As you may know, investments are open for Tricord Global this month. This weekend I also hosted my annual Real Estate Mastery Workshop. All of this talk about building and creating wealth got me thinking about the definition. Last week, I posted a guest blog by our co-founder, David Briggs, about wealth being relative.
I remember a client of Tricord’s in Lilongwe, Malawi who told me a story once. As a respected, wealthy citizen, their family had a nice house with a kitchen and bathroom. Instead of toilet paper in the bathroom, though, an old notebook was strung up in the bathroom with pages torn.
It is interesting to think that the idea of wealth can be so universal and yet look so different. The majority of people in the US wouldn’t even think about using a notebook in the bathroom. Toilet paper is almost a given in our first world. So how do we define it?
Wealth is Relative
Wealth, after all, is a relative thing since he that has little and wants less is richer than he that has much and wants more.
-Charles Caleb Colton.
Anywhere in the first world, being out of toilet paper would basically never happen. If it did, a quick run to the supermarket down the street would fix the problem. In Malawi, that doesn’t fit into their culture. At the end of the day, wealth is relative. To me, it looks like good health, a connected family and success in my ventures. For my staff members, it looks like freedom from school debt, time to cook and a happy marriage. Our Africa contact defines it as a solid home, a TV and a wife and kids. There is no one vision of what a wealthy person is.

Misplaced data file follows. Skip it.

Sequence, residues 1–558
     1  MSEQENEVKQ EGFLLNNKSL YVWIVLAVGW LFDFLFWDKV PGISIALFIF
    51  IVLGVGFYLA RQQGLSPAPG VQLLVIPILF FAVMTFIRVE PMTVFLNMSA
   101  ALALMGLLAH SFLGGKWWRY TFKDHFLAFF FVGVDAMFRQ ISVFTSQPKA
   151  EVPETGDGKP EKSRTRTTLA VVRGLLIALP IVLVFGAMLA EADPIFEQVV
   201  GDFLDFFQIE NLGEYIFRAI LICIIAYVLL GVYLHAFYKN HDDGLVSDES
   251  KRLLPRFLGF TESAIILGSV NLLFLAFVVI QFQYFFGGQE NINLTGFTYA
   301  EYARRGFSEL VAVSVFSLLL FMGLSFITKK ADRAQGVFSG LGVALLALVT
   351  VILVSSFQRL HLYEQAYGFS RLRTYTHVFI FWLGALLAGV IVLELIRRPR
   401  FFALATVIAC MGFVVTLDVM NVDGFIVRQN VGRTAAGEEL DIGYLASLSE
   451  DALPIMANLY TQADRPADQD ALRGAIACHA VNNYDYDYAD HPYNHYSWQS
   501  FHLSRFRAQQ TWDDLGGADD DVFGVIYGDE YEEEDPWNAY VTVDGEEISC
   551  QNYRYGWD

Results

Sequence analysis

Wealth is Specific
We cannot seek or attain health, wealth, learning, justice or kindness in general. Action is always specific, concrete, individualized, unique
This works in tandem with the last point. Wealth is not a general term. Our cultures may form an idea for us, but it will look different in the specifics. For one, wealth is the security of a savings account, whereas another sees it as a constant cash flow for spending. It can mean $100,000 a year for a family in America or $10 per day for someone in Malawi. The individuality of wealth is to be treasured and sought after on an individual basis.
Wealth is Symbolic
Happiness is not in the mere possession of money; it lies in the joy of achievement, in the thrill of creative effort.
-Franklin D. Roosevelt
Finally, wealth is not just the specific, relative things we have in our life. It always reflects back onto us. Wealth is a symbol of achievement, success, respect, care, love. When I see the good things in my life, I appreciate them because of what they say to me: “Well done, you made it.” Our contact in Africa sees his home as a symbol of his status and respect in his community. Similarly, your car or phone symbolize something deeper when you consider them a part of what makes you wealthy.
What does wealth symbolize to you? What does it specifically look like for you?
Investments CLOSING SOON!
Tricord is currently accepting new investors, but because this investment is such a unique opportunity, we have select times where we open it up. Unfortunately, that time is coming to a close soon. This Friday, October 27th, is the last day for investors to jump on this opportunity.
If you would like more information, you can click here or here. Contact our team at (720) 989-0222 or firstname.lastname@example.org.
Billy, I love this. The joy of achievement and thrill of creative effort really hits home for me. It makes heart hurt when I see people with no goals. With nothing that stirs them up. Years ago when u had to go on welfare I never considered living on it permanently. It was a emergency. Yet I see so many whose only goal is the dole. I pray to break the chains of apathy and complacency. Freda
Freda, I very much appreciate your feedback. Thanks for sharing your heart! I agree with you. Apathy hurts.